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New Illinois laws expand scope of practice for acupuncturists

by Nov 14, 2019

Home » News » New Illinois laws expand scope of practice for acupuncturists

Since the Illinois legislature passed the Acupuncture Practice Act in 2018, licensed acupuncture practitioners have been able to provide a much wider range of treatments commonly used alongside acupuncture.

In addition to an expanded scope that includes cupping, Asian body work, cold laser, etc., practitioners are also able to prescribe herbal remedies for the first time.

Starting Jan. 2020, a new state law will require acupuncturists who want to practice Chinese herbology to take an ACAOM-accredited course and pass an additional board exam. Three board exams are currently required to practice acupuncture without the use of Chinese herbology.

“In practice, Chinese herbology is a tool that can enhance a course of treatment that may also involve acupuncture. It is acupuncture needles and herbal medicineparticularly useful to patients with various internal conditions such as GI tract, respiratory, obstetric and gynecology issues,” said George Stretch, DN, DAOM, LAc, DAAPM, DNBAO, interim assistant dean of the NUHS acupuncture and oriental medicine program. “This legislation will help ensure patients are getting herbal remedies from qualified practitioners.”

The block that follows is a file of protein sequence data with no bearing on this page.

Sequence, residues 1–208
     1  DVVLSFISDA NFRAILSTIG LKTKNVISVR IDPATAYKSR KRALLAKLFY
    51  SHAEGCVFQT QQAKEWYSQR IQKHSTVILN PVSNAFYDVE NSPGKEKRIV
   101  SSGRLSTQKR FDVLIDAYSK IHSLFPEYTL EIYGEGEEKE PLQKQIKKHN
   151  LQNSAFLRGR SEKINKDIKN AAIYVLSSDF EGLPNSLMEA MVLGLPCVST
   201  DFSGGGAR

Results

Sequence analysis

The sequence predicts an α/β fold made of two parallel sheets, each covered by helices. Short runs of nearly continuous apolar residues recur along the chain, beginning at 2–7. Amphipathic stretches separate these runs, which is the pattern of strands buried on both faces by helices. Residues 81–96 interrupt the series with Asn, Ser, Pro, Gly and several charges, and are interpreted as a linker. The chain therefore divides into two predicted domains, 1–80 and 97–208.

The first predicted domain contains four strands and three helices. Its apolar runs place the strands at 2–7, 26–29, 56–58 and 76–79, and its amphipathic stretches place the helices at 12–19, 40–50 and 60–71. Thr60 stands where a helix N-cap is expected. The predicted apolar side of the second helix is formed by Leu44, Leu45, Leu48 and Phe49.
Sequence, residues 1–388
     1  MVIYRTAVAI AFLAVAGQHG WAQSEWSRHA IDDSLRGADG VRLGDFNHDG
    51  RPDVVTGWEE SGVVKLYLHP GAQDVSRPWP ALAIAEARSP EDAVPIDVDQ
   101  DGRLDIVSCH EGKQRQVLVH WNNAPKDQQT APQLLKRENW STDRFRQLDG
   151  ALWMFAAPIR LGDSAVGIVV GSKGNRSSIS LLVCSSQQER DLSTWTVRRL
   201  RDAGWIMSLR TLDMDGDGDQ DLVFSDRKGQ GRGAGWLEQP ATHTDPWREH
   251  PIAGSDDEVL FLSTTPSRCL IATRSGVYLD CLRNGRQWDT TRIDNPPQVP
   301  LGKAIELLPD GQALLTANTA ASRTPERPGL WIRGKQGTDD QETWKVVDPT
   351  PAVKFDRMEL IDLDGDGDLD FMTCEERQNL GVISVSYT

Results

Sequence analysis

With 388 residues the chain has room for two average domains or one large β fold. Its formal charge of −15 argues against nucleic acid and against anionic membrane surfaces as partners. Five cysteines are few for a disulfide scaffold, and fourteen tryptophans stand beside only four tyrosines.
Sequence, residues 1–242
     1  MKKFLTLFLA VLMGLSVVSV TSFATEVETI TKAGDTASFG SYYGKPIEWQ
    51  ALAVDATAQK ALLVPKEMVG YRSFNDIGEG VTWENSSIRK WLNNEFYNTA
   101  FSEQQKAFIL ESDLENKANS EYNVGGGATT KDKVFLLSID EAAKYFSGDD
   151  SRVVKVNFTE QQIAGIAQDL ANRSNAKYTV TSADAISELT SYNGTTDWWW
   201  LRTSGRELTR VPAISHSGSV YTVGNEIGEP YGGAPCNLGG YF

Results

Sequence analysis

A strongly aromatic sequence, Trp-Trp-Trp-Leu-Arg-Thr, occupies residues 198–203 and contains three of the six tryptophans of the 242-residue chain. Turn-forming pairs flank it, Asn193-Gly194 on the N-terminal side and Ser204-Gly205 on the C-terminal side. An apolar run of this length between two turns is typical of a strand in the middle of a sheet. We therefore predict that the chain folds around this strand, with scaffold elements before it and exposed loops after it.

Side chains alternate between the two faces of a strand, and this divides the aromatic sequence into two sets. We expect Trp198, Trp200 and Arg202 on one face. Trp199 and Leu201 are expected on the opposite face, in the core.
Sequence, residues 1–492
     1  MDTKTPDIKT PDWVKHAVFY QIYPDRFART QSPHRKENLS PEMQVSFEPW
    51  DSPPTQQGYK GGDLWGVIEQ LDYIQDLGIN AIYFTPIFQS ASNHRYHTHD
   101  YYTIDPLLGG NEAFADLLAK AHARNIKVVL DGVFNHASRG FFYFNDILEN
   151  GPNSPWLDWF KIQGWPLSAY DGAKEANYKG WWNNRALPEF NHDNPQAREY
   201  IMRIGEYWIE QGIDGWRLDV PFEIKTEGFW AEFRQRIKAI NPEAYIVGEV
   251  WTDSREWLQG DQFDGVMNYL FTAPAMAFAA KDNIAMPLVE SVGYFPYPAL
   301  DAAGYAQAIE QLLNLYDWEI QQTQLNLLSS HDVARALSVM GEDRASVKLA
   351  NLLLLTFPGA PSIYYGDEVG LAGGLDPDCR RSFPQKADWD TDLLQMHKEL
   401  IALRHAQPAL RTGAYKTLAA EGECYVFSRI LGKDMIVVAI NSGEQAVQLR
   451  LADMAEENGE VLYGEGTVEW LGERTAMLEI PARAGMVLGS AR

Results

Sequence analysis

NUHS has been providing ACAOM-accredited courses in Chinese herbology for some time. Students interested in this type of practice study Chinese herbology for two trimesters as part of Master’s degree in oriental medicine (MSOM). During that time, students learn how to choose the most effective herbal prescriptions for their patients through both classroom study as well as traditional apprentice-style practice, which includes access to an extensive herbal dispensary.

Students are also able to earn a Master’s degree in acupuncture (MSAc) without the additional Chinese herbology coursework. Students earning either degree get rich exposure to not only point location and needling techniques but other oriental healing arts such as tuina, qi gong, moxibustion, cupping and more.

With these modalities now included under Illinois acupuncture licensure, students can prepare for a wider scope of practice that allows more diverse treatment methods.

To learn more about the acupuncture and oriental medicine program, visit the NUHS website.

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